Washington: US secretary of state Hillary Clinton on Friday indicated that the State Department would look into the possibilities of revoking Times Square bomb suspect Faisal Shahzad’s citizenship under existing laws.
“I understand the desire behind the recommendation from some members of Congress. Clearly, United States citizenship is a privilege. It is not a right,” Clinton said in response about the legislation proposing to revoke the citizenship of US nationals who were members of foreign terrorist organizations.
“People who enter into such citizenship through naturalisation swear to uphold their duties to our Constitution. And people who are serving foreign powers - or in this case, foreign terrorists - are clearly in violation, in my personal opinion, of that oath which they swore when they became citizens. So we’re going to take a hard look at this,” Clinton said.
“With respect to the question about whether or not the citizenship of someone who is involved in terrorism should be revoked, the department has what’s called expatriation authority under statute,” she said.
Clinton said that the State Department would certainly take a “hard look” at the legislation which was earlier exercised in the past.
The proposed legislation, even if it becomes a law, could not be implemented on Shasta as the incident had happened before the law would come into effect.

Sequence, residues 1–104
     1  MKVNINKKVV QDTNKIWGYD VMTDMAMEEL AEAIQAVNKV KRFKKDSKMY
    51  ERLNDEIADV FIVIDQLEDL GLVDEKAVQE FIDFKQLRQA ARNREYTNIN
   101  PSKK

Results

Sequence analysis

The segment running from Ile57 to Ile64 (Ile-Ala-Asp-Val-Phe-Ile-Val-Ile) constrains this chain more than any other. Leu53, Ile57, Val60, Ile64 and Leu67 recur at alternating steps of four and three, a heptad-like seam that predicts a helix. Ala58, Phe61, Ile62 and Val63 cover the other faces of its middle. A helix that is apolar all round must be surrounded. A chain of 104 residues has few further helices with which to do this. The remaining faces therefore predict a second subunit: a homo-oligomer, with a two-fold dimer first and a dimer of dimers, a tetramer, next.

The US Congress in 1940 had adopted a law to create several categories that the State Department could use to revoke an American citizenship.
As the statute, which has been amended several times, currently stands, it contains seven categories of expatriating acts.
One of those is the, quote, “entering or serving in the armed forces of a foreign state if such armed forces are engaged in hostilities against the United States.”
The existing law, which is 18 USC Section 1481, was upheld as constitutional by the Supreme Court of the United States in 1980 in a case called Vance vs Terrazzos, Senator Joe Lieberman said at a separate news conference.
“During World War II, this law would have applied to an American citizen who voluntarily joined the German or Japanese armies to fight against our troops in Europe or the Pacific. I believe it would have been evident to all that an American citizen who took up arms against the US during World War II had no interest in being a citizen of our country any longer, and should not be,” he said.
The “unconventional” war against enemies, like foreign terrorist organisations such as Al Qaeda or the Taliban, needed such act as these elements were committed to attack America, the Senator added.